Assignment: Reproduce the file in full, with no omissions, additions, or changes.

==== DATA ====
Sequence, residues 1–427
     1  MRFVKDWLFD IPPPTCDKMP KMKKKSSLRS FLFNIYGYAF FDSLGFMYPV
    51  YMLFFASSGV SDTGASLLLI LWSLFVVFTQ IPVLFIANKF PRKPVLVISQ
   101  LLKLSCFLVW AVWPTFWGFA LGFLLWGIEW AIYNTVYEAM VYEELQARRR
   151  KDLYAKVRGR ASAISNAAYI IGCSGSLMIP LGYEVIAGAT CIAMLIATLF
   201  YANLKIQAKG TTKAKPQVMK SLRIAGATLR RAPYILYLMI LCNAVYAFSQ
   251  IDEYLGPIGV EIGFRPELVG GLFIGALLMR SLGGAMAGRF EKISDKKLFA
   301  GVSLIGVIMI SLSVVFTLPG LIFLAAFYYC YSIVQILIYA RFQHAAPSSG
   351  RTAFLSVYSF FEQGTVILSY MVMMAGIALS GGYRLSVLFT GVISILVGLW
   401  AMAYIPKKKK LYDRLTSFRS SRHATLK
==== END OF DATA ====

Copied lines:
Sequence, residues 1–427
     1  MRFVKDWLFD IPPPTCDKMP KMKKKSSLRS FLFNIYGYAF FDSLGFMYPV
    51  YMLFFASSGV SDTGASLLLI LWSLFVVFTQ IPVLFIANKF PRKPVLVISQ
   101  LLKLSCFLVW AVWPTFWGFA LGFLLWGIEW AIYNTVYEAM VYEELQARRR
   151  KDLYAKVRGR ASAISNAAYI IGCSGSLMIP LGYEVIAGAT CIAMLIATLF
   201  YANLKIQAKG TTKAKPQVMK SLRIAGATLR RAPYILYLMI LCNAVYAFSQ
   251  IDEYLGPIGV EIGFRPELVG GLFIGALLMR SLGGAMAGRF EKISDKKLFA
   301  GVSLIGVIMI SLSVVFTLPG LIFLAAFYYC YSIVQILIYA RFQHAAPSSG
   351  RTAFLSVYSF FEQGTVILSY MVMMAGIALS GGYRLSVLFT GVISILVGLW
   401  AMAYIPKKKK LYDRLTSFRS SRHATLK